Imagine if your employer of 35 years called you in to let you know that your job was being "eliminated" and that your work would be shifted to another, slightly different position. But don't worry, they reassure you; you can apply for one of the new positions — that is, if you can pass a few tests, one of which is a "behavioral test" that includes questions like, "If you lost your job, would you consider suicide?" The behavioral test will help them, your employer explains, to decide if you are the right kind of person for the position with the fancy new corporate title.
I imagine most people would be a little shocked, hurt, maybe even angry. Now imagine that your employer isn't some mega-corporation concerned only with the bottom line. Imagine, instead, that your employer is one of the world's most respected nonprofit institutions, that it's based right here in Baltimore, that it's your city's largest recipient of nonprofit property tax subsidies, and that it claims its core values are "integrity," "diversity" and "respect."
Right now, 160 of my fellow clerical workers at Johns Hopkins Hospital and I are facing this very situation. That's why we're coming together to call on Johns Hopkins to live up to those core values as we upgrade our hospital's medical records system.
We have nothing against innovation or progress. In fact, we've embraced innovation throughout our careers at Hopkins. Many of us have been dealing with digital records and information-age technology for more than two decades now. Change is nothing new to us; we work in health care, and we're proud of being adaptive.
That's why it's so disappointing that Hopkins has failed to seek our input as this process has moved forward. It's even more disappointing to hear Johns Hopkins' HR people pay lip service to our loyalty while doing everything short of showing us the door.
Many of us have dedicated our entire working lives to Johns Hopkins Hospital. Together, we have more than 1,500 years of combined clerical experience at the hospital. And yet now, many of us are being advised that we might be better suited for the housekeeping or dietary department.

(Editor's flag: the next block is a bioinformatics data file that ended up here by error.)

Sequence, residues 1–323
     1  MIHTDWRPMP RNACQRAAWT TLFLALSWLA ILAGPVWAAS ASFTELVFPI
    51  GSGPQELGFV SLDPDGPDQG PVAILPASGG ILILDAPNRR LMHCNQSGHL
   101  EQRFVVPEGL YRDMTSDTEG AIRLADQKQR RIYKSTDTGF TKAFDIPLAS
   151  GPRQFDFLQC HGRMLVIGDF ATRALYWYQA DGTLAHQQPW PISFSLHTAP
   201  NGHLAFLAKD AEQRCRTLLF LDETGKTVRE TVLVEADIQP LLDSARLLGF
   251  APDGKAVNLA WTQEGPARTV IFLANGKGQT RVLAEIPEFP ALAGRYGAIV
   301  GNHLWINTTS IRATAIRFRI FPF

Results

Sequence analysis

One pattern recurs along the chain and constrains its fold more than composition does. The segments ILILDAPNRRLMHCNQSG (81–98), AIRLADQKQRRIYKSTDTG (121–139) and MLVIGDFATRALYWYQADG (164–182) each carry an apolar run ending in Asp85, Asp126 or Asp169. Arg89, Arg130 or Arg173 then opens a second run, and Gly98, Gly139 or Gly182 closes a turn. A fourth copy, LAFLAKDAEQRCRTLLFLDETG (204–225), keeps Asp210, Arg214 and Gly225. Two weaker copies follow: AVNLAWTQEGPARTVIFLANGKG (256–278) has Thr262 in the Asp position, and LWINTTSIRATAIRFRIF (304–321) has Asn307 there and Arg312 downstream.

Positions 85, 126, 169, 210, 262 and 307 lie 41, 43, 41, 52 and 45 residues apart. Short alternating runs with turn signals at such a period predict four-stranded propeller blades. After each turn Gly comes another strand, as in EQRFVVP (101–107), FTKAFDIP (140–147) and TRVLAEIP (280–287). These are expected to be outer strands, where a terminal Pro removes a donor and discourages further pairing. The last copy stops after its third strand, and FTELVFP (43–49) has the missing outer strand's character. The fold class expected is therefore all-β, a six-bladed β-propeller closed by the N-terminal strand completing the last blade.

But this is about more than just 160 jobs, and the 160 lives and families that will be disrupted. When a nonprofit institution is founded with a mission of community service, as Johns Hopkins was in Baltimore, it has a responsibility to workers and communities, particularly when its remarkable rise has been facilitated by land grants, tax breaks and other generous subsidies that our city has provided.
We believe workers have earned first right of refusal and only after we have turned down a position should it be open to outside candidates, since it is virtually the same work we've been doing all along at Hopkins. We want the opportunity for training that's needed, and we believe these jobs should remain in the union that Coretta Scott King helped us win some 40 years ago.
If Hopkins fails to respect workers and fails to honor its commitment to our communities, the working families of our city will take a huge step backward. That's not something Baltimore can afford, especially in these economic times.
Barbara Moseley is a clerical associate who's been with Johns Hopkins Hospital for 37 years. She is also a member of 1199 SEIU. Her email is firstname.lastname@example.org.